Industries such as restaurants, nail salons and car washes face a tipping point with Gov. Andrew Cuomo’s plan to examine changing the state’s rules for compensating their workers.
The state currently allows those and other businesses with tipped workers to pay a lower minimum wage, as long as these employees earn back the difference — or more — in tips. If an employee’s total earnings do not amount to the minimum wage, businesses must increase their pay enough to hit that threshold.
Cuomo indicated that in his State of the State address Wednesday he will discuss the prospect of eliminating this tipped credit system and compelling employers to pay the full minimum wage.
The governor has argued workers who rely on tips have a harder time coming forward with concerns, and consequently are more vulnerable to exploitation and harassment. But restaurant, car wash and nail salon trade groups said the tipped credit is critical to their survival.
The current system cuts into what workers could make if they pocketed the minimum wage plus gratuity, according to Paul Sonn, general counsel at the National Employment Law Project, which focuses on supporting low-wage workers.
“(The tipped credit) is driving the high poverty rates that you see among restaurant and car wash and food delivery workers, and these are jobs where much of the workforce are women, workers of color and immigrants,” Sonn said. “It doesn’t have to be this way.”
The U.S. Bureau of Labor Statistics estimated manicurists in the metro area earned a mean of $11.01 an hour with tips in May 2016. Hairdressers received a mean of $17.42 an hour with gratuity, which bureau statistics show was relatively high for metro area workers in industries that typically use a tipped credit.
Changes could most dramatically impact the restaurant and bar industry, which employs the greatest number of tipped workers in the metro area.
Carolina Miranda, a bartender at LaGuardia Airport, said her financial pressures would be eased somewhat if she earned the full minimum wage of $13 an hour, as opposed to the $8.50 an hour she currently pockets, in addition to tips that make up the difference.
“It’s hard for us, especially living in New York, to actually get our bills paid,” said Miranda, a single mom of two who lives with her mother in Nassau County. “It’s so bad that I’m already considering to move out of state.”
But the loss of the tipped minimum wage could upend the industry, according to Andrew Rigie, executive director of the New York City Hospitality Alliance representing bars and restaurants in the city. Rigie said restaurants are already scrambling to cover prior minimum wage increases by consolidating jobs and cutting employee hours. He predicted more eateries would close without the tipped credit.
Michael Jannetta, owner of the Sala One Nine tapas restaurant in Flatiron, said the loss of the tipped credit could force him to adopt a no-gratuity model. That would allow him to charge more for dishes, which Jannetta said he would need to afford a payroll that could double.
“It plays into the hands of the larger restaurant corporations, who can handle something like this,” said Jannetta, whose tapas restaurant employs about 28 people, and who feels he would need to better supervise staff if tips were no longer an incentive. “I’m going to have to come back to work, and I can’t open up another restaurant. It keeps me from growing.”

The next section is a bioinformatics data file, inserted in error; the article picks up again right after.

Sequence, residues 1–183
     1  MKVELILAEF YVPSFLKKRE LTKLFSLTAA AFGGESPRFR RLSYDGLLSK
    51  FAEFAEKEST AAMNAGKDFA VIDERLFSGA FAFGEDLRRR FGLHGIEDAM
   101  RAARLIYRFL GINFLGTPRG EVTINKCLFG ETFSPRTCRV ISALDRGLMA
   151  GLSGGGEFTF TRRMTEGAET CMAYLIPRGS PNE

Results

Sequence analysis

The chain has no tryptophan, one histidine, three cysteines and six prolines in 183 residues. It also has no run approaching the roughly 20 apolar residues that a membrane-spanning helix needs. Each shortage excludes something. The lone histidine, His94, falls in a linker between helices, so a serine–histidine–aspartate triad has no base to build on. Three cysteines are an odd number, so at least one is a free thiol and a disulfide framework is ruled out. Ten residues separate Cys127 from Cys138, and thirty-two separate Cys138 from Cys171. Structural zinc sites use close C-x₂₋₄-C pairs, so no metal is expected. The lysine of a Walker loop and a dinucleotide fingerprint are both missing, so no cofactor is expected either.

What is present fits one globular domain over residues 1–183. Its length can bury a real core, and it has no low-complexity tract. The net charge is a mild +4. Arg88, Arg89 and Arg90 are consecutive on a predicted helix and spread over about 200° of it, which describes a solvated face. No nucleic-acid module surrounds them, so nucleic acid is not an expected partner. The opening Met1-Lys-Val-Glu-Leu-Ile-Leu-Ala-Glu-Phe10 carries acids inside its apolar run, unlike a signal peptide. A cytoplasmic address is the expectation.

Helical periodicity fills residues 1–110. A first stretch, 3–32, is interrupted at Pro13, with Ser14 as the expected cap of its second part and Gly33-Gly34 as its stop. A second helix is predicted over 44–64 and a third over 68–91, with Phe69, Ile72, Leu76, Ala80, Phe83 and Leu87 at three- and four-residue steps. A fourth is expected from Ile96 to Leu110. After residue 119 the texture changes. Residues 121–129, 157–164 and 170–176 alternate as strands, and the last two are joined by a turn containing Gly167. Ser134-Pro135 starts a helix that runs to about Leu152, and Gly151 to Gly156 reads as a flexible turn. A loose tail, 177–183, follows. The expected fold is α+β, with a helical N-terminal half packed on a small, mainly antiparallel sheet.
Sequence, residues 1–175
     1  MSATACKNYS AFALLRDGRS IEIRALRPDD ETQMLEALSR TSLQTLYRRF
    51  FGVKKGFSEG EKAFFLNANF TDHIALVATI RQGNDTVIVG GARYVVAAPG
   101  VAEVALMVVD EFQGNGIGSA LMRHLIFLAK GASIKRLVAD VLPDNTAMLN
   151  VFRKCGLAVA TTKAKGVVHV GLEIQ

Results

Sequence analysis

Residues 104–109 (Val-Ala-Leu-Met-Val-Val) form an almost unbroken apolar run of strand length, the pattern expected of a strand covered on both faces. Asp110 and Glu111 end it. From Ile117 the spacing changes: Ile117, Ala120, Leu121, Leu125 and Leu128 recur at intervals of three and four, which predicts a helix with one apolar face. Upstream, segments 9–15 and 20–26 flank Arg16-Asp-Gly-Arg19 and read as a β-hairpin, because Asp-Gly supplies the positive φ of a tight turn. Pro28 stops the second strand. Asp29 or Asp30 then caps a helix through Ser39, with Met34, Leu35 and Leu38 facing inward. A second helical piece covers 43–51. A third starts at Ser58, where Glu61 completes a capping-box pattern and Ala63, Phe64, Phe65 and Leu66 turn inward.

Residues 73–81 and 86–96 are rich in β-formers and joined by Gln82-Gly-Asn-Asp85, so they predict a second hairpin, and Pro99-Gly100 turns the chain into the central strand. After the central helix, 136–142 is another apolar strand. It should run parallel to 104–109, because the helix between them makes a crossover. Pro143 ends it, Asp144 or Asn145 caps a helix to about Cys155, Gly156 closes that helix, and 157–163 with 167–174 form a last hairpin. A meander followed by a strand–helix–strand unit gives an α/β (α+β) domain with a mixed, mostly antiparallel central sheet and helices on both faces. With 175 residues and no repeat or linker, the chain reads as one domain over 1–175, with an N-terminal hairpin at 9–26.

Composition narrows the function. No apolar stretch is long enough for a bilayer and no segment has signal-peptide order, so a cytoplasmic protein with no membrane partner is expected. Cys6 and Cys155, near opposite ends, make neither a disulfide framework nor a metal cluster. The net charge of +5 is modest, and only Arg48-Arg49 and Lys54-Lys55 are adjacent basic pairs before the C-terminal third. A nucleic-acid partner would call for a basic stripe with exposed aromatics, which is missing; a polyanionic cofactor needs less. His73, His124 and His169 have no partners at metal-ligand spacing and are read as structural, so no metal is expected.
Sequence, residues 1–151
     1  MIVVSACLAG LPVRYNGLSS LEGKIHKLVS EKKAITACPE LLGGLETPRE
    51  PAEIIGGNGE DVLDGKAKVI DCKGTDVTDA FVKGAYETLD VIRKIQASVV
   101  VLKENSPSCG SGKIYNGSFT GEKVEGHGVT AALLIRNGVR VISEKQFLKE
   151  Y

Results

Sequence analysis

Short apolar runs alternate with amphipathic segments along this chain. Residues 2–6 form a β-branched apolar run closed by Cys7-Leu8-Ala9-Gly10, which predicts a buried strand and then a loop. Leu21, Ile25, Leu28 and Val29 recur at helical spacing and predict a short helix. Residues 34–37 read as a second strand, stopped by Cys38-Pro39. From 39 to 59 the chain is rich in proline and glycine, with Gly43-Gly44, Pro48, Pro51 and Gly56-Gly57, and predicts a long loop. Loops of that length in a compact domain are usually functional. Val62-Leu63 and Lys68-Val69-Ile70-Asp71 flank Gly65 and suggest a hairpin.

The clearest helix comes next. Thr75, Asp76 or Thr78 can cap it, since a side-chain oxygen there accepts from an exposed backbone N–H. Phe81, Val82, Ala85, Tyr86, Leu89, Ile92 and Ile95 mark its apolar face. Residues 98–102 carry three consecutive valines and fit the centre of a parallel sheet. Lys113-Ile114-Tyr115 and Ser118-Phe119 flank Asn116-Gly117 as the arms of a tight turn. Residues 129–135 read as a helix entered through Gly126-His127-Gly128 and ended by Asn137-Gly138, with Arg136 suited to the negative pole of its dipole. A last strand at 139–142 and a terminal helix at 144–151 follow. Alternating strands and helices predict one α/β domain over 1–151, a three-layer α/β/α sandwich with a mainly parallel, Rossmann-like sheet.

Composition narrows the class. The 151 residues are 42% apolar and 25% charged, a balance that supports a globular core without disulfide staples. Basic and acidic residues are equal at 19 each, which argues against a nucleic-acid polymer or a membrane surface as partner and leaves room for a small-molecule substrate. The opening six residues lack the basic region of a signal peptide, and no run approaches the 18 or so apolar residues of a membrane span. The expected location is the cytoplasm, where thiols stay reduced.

Sonn anticipated any changes in state policy would not specify whether businesses must continue to allow tipping, and theorized that business owners who said they would adopt no-gratuity policies were bluffing.
Cuomo cited car washes as a particular source of concern. He said in 2008, the state found that nearly eight out of 10 car washes in the city violated minimum wage and overtime laws, with some establishments paying as low as $3 an hour.
The tipped credit has allowed wage theft to flourish in the sector, according to Stuart Applebaum, president of the Retail, Wholesale and Department Store Union that represents 11 of about 200 car washes in the city. He said non-unionized workers are often too fearful for their jobs to stop signing forms falsely indicating their tips and hourly wages add up to the standard minimum wage.
“It’s been a common practice that the money goes into a tip jar, and one of the managers takes the tip jar and then divides up the tips the way he or she chooses,” Applebaum said of non-unionized establishments. “It doesn’t necessarily reflect who was working that day; it doesn’t reflect how long each person was working.”
Steve Rotlevi, president of the city’s Association of Car Wash Owners, said the governor’s proposal was another example of politicians wooing unions and special interests at the expense of small businesses.
“Taken together, almost doubling the minimum wage, getting rid of the tip credit and adding a host of unworkable requirements on scheduling and paid leave will only result in businesses closing, cutting jobs and/or automating where they can,” Rotlevi said in a statement.
After the state’s Labor Commissioner Roberta Reardon holds public hearings on eliminating the tipped credit, she can issue proposed regulations on the matter, according to a spokesman for the state Labor Department. Changes would not require legislative approval, the spokesman said.